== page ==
Eagles-Raiders matchup No. 1: Walker vs. McCoy

Eagles-Raiders Matchup No. 1: LeSean McCoy vs. Vance Walker

Eagles-Raiders matchup No. 1: Walker vs. McCoy
November 2, 2013, 12:15 pm
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LeSean McCoy averaged 6.0 yards per carry over the first four games, and 3.6 over the next four. (USATSI)

Editor’s note: This is the third part in a series that spotlights three Raiders-Eagles matchups to watch Sunday, 1:05 p.m., at Oakland Coliseum

[MATCHUP NO. 3: Darren McFadden vs. Bennie Logan]

[MATCHUP NO. 2: Jason Peters vs. Lamarr Houston]

Raiders DT Vance Walker vs. Eagles RB LeSean McCoy

Tale of the tape:

Walker (98): 6-foot-2, 305 pounds, fifth season, Georgia Tech
McCoy (25): 5-foot-11, 208 pounds, fifth season, Pittsburgh 

Eagles running back LeSean McCoy leads the NFL in rushing, more for what happened over the first six games than the last two. He averaged 6.0 yards per carry over the first four games, and 3.6 over the next four.

Big difference. That’s when the Eagles’ quarterback situation turned on its head. Coincidence? We think not.

Opponents have keyed on the run since Michael Vick’s injury woes began, and it’s worn on the shifty rusher. Opponents swarm McCoy at every turn, which has forced McCoy to press. That’s lead to consecutive weeks with 55 yards or less.

The talent, however, hasn’t left. The Raiders see him as the same threat he was earlier this season.

“He’s an outstanding running back,” Raiders coach Dennis Allen said. “He’s a big-time player and a homerun threat every time he touches the ball. We have to understand what we’re dealing with there.”

The Raiders are dealing with an explosive rusher, especially between the tackles. He feasts inside, with quick moves that slip into the second level and beyond. He favors one gap above all else. He loves the crease between left tackle and left guard, where he averages 6.8 yards over 17 carries. He averages 5.7 yards per carry in the A gap next to it, areas that belong to Raiders defensive tackle Vance Walker.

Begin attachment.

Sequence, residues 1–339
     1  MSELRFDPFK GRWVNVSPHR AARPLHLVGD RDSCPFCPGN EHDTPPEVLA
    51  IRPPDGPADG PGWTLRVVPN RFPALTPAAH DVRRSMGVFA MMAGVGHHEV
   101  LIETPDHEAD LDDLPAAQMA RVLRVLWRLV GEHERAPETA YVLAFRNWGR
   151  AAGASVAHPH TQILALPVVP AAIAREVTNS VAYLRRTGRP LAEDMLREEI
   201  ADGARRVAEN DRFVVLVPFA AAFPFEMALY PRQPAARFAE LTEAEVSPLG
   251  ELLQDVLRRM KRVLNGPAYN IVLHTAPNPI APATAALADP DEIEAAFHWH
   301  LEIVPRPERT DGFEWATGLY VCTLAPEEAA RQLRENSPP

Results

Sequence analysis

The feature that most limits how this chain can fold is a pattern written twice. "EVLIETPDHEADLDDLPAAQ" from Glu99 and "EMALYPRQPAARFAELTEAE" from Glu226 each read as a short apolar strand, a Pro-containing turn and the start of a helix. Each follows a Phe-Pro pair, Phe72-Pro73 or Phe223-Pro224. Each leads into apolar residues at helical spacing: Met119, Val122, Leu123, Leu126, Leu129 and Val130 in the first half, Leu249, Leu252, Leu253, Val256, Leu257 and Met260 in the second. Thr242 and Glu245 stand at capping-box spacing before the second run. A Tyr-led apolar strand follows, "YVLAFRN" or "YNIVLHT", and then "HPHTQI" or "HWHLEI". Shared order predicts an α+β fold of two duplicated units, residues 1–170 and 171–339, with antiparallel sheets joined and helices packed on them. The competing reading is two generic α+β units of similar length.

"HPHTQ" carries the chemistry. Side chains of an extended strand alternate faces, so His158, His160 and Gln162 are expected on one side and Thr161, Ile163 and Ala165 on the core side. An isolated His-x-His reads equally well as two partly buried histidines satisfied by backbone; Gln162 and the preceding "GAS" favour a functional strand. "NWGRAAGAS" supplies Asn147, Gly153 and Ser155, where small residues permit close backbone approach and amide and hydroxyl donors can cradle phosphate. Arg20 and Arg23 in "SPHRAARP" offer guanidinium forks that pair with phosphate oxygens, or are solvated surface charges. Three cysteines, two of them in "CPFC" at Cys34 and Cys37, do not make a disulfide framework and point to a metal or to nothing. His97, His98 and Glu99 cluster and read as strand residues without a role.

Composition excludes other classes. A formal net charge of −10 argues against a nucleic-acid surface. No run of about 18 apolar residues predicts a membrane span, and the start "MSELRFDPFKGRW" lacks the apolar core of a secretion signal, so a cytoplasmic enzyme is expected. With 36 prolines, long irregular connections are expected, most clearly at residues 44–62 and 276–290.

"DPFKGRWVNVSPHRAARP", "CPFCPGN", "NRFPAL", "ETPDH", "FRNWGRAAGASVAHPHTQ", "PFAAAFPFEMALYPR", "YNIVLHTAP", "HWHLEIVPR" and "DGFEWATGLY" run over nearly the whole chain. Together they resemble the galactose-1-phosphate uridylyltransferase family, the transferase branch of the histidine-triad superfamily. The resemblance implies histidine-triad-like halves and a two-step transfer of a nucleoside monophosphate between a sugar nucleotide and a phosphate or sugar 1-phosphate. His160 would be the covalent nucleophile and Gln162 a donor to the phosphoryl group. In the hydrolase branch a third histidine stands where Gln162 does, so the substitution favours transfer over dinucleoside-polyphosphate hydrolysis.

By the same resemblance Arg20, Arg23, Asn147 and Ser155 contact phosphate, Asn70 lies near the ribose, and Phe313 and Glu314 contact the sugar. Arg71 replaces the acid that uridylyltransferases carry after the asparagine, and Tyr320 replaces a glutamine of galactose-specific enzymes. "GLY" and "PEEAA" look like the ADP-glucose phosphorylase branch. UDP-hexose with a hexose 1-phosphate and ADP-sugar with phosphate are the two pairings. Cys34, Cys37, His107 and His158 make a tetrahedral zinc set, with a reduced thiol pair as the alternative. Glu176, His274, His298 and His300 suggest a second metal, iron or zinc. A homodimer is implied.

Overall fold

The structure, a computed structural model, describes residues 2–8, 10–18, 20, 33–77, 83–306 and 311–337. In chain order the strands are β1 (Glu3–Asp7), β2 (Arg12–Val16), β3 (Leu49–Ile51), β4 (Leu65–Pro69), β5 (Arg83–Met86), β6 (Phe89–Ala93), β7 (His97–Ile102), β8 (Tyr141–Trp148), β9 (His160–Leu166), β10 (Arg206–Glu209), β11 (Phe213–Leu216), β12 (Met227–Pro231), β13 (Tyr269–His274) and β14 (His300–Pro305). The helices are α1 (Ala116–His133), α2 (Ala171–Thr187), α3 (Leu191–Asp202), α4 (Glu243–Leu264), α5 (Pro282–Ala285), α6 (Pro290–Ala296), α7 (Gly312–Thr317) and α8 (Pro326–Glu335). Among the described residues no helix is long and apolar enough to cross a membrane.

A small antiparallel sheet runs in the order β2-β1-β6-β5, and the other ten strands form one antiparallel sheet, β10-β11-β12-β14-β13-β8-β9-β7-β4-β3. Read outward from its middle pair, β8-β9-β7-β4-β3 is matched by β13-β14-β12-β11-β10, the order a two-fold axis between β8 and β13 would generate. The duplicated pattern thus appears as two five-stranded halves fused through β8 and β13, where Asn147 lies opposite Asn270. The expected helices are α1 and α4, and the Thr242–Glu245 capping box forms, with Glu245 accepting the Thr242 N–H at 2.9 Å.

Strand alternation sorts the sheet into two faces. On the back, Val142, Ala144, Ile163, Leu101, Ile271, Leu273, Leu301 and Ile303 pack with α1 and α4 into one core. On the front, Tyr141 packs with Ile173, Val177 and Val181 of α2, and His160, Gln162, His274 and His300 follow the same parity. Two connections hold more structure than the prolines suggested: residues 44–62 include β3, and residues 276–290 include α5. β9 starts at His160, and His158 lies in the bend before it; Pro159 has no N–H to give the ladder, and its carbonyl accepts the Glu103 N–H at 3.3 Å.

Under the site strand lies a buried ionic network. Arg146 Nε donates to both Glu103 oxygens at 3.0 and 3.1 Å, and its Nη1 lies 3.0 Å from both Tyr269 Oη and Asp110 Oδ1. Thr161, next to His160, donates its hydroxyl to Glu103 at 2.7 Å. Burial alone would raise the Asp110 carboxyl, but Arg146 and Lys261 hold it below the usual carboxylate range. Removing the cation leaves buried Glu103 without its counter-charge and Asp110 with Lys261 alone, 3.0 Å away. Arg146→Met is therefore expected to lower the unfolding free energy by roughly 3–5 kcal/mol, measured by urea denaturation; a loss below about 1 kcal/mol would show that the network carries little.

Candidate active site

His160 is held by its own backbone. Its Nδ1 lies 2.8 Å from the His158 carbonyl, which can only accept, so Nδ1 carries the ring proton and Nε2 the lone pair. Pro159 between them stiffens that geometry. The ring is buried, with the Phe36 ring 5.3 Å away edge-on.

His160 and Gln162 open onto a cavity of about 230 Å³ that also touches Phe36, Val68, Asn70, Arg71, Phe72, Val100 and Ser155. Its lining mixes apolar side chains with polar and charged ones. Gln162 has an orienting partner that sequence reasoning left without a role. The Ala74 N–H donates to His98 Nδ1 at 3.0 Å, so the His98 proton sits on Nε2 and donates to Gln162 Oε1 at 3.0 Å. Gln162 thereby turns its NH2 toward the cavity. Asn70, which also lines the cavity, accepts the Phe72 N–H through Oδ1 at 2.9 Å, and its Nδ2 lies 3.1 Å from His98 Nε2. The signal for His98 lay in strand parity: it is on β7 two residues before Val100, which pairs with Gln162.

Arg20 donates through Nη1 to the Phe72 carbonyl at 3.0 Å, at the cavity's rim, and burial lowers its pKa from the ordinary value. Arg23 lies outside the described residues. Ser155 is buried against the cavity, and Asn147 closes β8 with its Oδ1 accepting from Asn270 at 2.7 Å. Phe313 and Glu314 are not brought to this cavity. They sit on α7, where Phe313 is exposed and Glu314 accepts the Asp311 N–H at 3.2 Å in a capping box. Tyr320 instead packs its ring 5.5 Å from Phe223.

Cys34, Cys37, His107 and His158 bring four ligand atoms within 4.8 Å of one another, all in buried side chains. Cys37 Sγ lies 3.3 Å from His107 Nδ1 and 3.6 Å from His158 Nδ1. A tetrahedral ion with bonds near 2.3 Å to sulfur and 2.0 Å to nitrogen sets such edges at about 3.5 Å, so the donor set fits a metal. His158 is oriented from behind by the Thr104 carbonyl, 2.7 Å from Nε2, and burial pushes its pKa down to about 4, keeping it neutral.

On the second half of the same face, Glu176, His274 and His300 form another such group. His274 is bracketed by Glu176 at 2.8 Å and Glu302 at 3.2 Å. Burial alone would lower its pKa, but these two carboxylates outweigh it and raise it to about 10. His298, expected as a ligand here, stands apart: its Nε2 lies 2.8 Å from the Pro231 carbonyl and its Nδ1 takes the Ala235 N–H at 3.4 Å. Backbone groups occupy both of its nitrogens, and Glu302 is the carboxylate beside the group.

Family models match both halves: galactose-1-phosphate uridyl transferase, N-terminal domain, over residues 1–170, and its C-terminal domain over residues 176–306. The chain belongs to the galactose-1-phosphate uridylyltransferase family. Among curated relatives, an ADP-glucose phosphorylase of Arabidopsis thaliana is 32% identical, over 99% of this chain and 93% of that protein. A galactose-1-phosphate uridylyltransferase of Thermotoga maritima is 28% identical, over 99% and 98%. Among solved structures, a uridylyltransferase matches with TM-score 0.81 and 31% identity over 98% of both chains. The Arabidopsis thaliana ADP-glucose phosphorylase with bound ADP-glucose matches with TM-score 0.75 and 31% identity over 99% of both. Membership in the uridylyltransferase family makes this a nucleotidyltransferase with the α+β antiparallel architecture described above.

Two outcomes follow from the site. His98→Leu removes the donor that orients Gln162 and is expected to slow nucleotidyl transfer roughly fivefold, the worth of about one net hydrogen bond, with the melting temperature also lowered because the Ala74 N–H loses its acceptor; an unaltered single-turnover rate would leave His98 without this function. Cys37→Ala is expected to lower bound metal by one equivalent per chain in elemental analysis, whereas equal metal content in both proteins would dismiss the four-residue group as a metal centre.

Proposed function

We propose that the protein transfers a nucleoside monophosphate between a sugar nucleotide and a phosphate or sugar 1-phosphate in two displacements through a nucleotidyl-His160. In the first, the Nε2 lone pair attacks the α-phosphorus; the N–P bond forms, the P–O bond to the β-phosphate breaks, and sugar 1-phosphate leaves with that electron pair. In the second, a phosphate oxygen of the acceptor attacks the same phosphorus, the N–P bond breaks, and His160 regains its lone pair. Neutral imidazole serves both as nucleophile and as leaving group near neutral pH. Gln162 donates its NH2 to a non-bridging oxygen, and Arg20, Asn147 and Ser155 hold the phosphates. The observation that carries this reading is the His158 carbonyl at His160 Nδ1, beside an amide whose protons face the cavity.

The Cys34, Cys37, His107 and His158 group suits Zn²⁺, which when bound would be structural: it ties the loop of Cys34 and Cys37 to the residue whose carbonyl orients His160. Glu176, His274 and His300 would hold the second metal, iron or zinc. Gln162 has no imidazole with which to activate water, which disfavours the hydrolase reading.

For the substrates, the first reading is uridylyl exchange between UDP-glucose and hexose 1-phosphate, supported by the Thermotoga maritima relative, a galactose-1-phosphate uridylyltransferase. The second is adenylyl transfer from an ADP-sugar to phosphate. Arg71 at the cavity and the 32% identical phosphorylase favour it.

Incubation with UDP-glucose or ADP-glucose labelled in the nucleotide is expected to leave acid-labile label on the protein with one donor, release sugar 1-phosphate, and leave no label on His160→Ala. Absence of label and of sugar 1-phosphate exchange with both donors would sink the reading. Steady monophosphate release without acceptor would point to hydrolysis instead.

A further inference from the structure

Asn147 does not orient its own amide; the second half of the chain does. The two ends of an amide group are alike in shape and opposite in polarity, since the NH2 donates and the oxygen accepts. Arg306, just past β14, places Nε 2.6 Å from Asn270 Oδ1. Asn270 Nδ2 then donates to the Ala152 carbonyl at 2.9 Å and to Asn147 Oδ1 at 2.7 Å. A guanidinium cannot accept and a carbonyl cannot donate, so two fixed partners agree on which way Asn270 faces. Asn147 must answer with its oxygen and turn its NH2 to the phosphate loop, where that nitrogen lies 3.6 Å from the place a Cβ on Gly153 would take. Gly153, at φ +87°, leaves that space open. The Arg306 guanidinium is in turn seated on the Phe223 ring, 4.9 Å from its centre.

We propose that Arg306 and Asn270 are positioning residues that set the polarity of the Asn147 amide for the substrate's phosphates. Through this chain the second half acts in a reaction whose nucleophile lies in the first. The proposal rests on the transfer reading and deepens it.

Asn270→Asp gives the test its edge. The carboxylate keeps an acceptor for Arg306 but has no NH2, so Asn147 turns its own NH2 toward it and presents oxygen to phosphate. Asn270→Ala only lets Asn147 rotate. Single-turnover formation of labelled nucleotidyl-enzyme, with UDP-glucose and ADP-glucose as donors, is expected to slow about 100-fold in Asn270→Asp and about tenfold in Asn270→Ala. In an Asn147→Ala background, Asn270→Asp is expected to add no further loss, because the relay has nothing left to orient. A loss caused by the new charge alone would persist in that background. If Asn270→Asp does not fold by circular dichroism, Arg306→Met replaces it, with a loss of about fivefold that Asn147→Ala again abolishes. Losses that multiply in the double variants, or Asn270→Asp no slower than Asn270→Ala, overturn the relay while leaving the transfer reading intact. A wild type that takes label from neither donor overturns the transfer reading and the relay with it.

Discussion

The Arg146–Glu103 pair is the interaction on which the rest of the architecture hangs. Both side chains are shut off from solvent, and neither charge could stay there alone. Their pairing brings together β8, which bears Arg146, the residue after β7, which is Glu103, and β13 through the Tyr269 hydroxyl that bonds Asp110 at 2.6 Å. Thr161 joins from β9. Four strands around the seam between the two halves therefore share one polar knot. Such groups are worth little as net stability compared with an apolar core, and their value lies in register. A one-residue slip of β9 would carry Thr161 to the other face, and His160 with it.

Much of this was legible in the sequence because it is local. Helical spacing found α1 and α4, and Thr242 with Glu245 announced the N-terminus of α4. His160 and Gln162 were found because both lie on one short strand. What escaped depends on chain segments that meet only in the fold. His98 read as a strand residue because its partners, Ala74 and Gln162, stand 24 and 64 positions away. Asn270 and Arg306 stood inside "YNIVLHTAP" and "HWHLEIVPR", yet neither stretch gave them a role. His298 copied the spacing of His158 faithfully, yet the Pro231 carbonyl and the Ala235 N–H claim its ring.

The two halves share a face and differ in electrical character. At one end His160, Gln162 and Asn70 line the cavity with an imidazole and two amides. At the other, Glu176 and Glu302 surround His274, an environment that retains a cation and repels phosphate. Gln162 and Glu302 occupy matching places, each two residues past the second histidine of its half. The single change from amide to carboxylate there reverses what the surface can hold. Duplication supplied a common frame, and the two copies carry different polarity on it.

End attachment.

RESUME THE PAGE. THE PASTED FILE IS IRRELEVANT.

That spells trouble for McCoy. The free-agent acquisition from Atlanta is the Raiders’ unsung hero, quietly dominating on the interior line. While McCoy has struggled over the past two weeks, Walker has thrived.

He has two sacks, a quarterback hit and nine hurries in that span, proof that he’s consistently collapsing pockets. He’s also had six “stops,” plays that Pro Football Focus considers and offensive failure.

“He’s smart, and he can play multiple positions and go to the right spot with power,” defensive coordinator Jason Tarver said. “You’re starting to see maybe even a little more of his quickness come out too. I’m proud of Vance. He’s doing well. He’s really coming into his own. He gets better every week. Hopefully he can continue that trend. I like where Vance is going.”

Walker is a pressing rusher’s worst enemy. McCoy is running laterally lately, trying to make play where there are few. That’s when Walker and the No. 6-ranked rushing defense is at its best. The Raiders have excelled setting an edge, forcing backs toward sure tackling linebackers.

The Raiders hope to make the Eagles one-dimensional, and Walker is essential to that effort.

“We’re facing a run-first offense,” Tarver said. “The keys are making sure we’re where we want to be in the run game, not where they want us to be — knocking people back and setting edge, We have to be sound for four quarters.”